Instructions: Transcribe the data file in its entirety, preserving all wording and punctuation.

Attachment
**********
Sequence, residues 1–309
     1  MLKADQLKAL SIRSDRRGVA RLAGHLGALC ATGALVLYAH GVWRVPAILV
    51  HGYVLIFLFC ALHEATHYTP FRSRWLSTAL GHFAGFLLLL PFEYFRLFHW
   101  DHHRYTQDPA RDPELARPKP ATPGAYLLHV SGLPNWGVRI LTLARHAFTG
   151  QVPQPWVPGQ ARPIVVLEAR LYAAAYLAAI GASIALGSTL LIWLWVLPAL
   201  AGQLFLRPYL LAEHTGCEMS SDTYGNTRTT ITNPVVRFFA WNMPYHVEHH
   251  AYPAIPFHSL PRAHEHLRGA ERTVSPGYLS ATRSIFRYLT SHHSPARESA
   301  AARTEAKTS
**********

Sequence, residues 1–309
     1  MLKADQLKAL SIRSDRRGVA RLAGHLGALC ATGALVLYAH GVWRVPAILV
    51  HGYVLIFLFC ALHEATHYTP FRSRWLSTAL GHFAGFLLLL PFEYFRLFHW
   101  DHHRYTQDPA RDPELARPKP ATPGAYLLHV SGLPNWGVRI LTLARHAFTG
   151  QVPQPWVPGQ ARPIVVLEAR LYAAAYLAAI GASIALGSTL LIWLWVLPAL
   201  AGQLFLRPYL LAEHTGCEMS SDTYGNTRTT ITNPVVRFFA WNMPYHVEHH
   251  AYPAIPFHSL PRAHEHLRGA ERTVSPGYLS ATRSIFRYLT SHHSPARESA
   301  AARTEAKTS